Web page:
Health Care Protests Warn of Deeper Problems

The rhetoric is inflammatory, the demonstrations are explosive and the people are upset with the politicians. This is true with both parties. Health care ignited the debate with one committee trying to push its version of a bill through congress. It seems that those in Washington underestimated how the public would react to the health care proposals.

As the turmoil continues it appears as if most citizens are reacting to more than health care. They are concerned with over-spending, under-listening and a general lack of responsiveness on the part of their representatives. It’s possible that voter reaction will alter plans for stimulus one and stop stimulus two dead in its tracks. Cap and trade may have trouble making its way through the senate. And other spending proposals may be D.O.A. if vocal Americans continue to keep the pressure on the crowd doing business inside the beltway.

For now, the health care issue is uncertain. However, the administration is shifting from health care to health insurance. Single-pay or government options may give way to co-ops, with Washington still setting the standards and exercising bureaucratic control. Many believe this will increase costs and, at the same time, reduce the quality of care as the issue moves forward and more people are covered.

What remains to be seen is whether the will of the people (based on scientific polling data rather than Town Hall protests) or the will of congress prevails. I’m betting that the politicians ignore the facts, because they have a year – a lifetime in political measurements – to convince constituents they acted in the people’s best interest. With the power of both houses and the presidency behind the plan, the incumbent party does not want to squander an opportunity that has been in the making for decades.

Our representative form of government allows duly elected officials to vote their conscience; and if enough people disagree with the individual’s decision(s), this person will not be re-elected. This seems simple, but by the time elections roll around in 2010 other important issues may be higher on the priority list and the culprits will slip through one more time. Think about it. As pre-boomers we are faced with many immediate and financially devastating problems. We’ll be hurt in the short-term, but our children and grandchildren are going to be paying for today’s mistakes the rest of their lives.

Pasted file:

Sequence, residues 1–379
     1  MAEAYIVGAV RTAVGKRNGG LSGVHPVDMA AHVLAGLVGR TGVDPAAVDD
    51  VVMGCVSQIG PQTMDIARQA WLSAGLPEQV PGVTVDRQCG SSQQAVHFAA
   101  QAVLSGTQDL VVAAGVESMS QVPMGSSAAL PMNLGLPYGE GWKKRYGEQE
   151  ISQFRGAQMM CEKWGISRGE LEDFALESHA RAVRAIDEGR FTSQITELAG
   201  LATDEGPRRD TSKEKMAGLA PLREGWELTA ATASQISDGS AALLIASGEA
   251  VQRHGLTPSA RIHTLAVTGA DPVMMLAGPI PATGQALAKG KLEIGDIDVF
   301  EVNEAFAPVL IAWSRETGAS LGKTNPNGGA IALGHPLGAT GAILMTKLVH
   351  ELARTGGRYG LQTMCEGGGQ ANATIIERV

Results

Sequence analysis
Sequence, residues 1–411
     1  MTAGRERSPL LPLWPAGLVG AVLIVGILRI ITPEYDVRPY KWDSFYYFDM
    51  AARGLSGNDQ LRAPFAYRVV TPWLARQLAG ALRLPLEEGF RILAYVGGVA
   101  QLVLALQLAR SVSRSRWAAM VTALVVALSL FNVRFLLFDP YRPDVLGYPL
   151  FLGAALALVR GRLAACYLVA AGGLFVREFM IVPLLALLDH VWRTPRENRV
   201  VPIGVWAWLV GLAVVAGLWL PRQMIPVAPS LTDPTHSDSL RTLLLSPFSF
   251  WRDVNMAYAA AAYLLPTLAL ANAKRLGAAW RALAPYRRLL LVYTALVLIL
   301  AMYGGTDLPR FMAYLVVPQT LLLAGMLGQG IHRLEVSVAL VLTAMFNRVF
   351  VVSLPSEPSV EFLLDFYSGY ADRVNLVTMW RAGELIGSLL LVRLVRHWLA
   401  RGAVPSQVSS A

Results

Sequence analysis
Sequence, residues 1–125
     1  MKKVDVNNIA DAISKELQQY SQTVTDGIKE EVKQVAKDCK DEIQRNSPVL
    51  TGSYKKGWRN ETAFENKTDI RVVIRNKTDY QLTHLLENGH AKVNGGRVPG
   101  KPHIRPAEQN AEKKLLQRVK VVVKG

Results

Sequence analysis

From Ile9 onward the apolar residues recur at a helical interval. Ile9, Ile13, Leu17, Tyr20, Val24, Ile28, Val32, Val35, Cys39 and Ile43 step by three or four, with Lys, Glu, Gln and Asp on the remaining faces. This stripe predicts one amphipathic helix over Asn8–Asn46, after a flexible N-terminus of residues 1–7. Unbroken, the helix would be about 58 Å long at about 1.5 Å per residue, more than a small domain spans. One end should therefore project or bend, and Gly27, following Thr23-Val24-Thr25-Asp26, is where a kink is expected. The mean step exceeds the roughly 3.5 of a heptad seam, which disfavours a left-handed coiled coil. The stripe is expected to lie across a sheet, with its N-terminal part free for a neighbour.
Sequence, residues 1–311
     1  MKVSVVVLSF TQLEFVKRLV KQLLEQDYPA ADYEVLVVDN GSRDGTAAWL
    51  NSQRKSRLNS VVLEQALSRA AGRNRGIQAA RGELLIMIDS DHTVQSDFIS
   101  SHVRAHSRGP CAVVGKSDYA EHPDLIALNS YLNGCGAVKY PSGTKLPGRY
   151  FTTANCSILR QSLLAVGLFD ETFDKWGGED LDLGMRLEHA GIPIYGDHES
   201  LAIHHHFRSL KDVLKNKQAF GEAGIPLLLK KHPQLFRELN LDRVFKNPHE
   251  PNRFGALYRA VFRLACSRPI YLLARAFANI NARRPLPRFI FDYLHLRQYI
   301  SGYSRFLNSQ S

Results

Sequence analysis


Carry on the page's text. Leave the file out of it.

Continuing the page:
Are we going to let this happen to them or our beloved America? Not if we take action and tell our representative, “Stop the politics. Go back to Washington, and come up with a bi-partisan plan to address the major problems of cost and coverage for health care before re-doing the entire system. While you’re at it, study the possible consequences of cap and trade prior to launching into it. Before appropriating another stimulus budget, see what results the first effort produced, where the money was spent and if the funds had any measurable effect. After that, please do your part, which may be the most difficult request of all; let the economy recover with no more quick fixes or government intervention. Then you might get re-elected. Thank you.”

Don Potter, a Philadelphia native, was born in 1936 and is a 50 year veteran of the advertising agency business. Now living in Los Angeles, he has written two novels in retirement, frequently writes on marketing issues, and has a blog dedicated to pre-boomers (those born between 1930 and 1945).

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